IG’s Peace Blog

Peace and its many aspects

Reflections on violence, peace and faith

Since much of the world thinks of this period (ie the New Year) as a time for reflection and assessment, I thought I would continue in that vein as well.  Here are a few things on my mind.

1.  Acts have consequences.  This should be obvious, but I wonder if in the heat of the moment it is not often forgotten.  In the context of conflict and tension, the impact and ramifications of one’s acts are magnified.    So, it would be wise to think out what one is doing carefully.  However, when strong emotions are involved, this is not often the case.

2.  The problem with revenge.   First, let me state that in a (reasonably) well structured social order, criminal acts should be punished (how, to what degree, etc… remain complicated questions).  However, outside of this context, revenge is problematic.  I always try to keep the following “calculation” in mind.  Assume there is an act of violence.  That’s one.  In response, we carry out another act of violence (in the spirit of revenge, etc…).  That’s two.  Assume the other side does not see what we did as justified and they react violently to it.  That’s three.  I think you see where this is going.   Refer back to point one above:  we have seen so many examples of this dynamic, noone can claim ignorance of where it leads.  And yet, it happens again and again; to the extent that a violent conflict acquires over time its own momentum (whatever the original stakes were). Which leads me to my third point.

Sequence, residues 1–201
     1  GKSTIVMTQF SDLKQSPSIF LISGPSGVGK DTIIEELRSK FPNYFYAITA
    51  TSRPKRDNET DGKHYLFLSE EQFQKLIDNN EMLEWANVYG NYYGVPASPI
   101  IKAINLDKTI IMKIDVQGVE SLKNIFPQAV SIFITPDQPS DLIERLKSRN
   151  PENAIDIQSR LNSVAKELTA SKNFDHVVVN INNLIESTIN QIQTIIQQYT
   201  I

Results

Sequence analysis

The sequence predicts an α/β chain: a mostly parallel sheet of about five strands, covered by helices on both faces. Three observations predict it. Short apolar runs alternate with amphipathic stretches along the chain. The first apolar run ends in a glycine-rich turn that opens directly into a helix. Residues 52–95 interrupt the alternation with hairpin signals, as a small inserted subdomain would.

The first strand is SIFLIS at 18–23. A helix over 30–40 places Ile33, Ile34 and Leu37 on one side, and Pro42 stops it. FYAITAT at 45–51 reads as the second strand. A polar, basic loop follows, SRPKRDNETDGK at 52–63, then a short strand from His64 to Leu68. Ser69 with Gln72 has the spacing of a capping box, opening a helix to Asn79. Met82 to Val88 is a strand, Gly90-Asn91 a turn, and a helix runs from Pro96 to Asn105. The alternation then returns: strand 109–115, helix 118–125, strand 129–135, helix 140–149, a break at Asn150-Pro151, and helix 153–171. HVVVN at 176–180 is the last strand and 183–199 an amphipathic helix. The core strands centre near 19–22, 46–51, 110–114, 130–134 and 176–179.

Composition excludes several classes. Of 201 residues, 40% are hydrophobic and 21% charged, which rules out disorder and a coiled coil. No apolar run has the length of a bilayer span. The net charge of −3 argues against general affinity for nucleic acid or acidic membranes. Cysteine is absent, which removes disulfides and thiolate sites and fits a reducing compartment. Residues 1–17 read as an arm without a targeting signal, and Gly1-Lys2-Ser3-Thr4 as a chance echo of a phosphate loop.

3.  Don’t even bother to talk about peace until you stop the violence and commit to listening to the other side.  You might be able to “manage conflict”; but you can hardly go beyond that (assuming you want to).  This is fundamental.  If your goal is peace, then you have to be ready to take certain steps, and you have to be committed for the long run (if anybody knows any shortcuts, please let me know).  Conflict management, while worthwhile, does not imply the same degree or type of commitment.  Unfortunately, in today’s world, what are called “peace processes” are too often more about conflict management than peace.

4.  We should not let ourselves become resigned to violence, and or let it be banalized.   I appreciate that this happens as a kind of psychological defense.  Otherwise, how could one live knowing that genocide is happening somewhere.  Still, if things are ever going to change, somehow we must not lose sight of the scope and intensity of what is occurring around us and the conviction that this is not “normal” in any sense.  The latter probably requires faith that something better can and will emerge from the turbulence of the present.

…or to quote John Prine:

“Just give me one thing that I can hold on to
To believe in this living is just a hard way to go”

(Angel from Montgomery)

IGbarb says:  “Keep the faith!”


January 3, 2010 - Posted by | Uncategorized | , , ,

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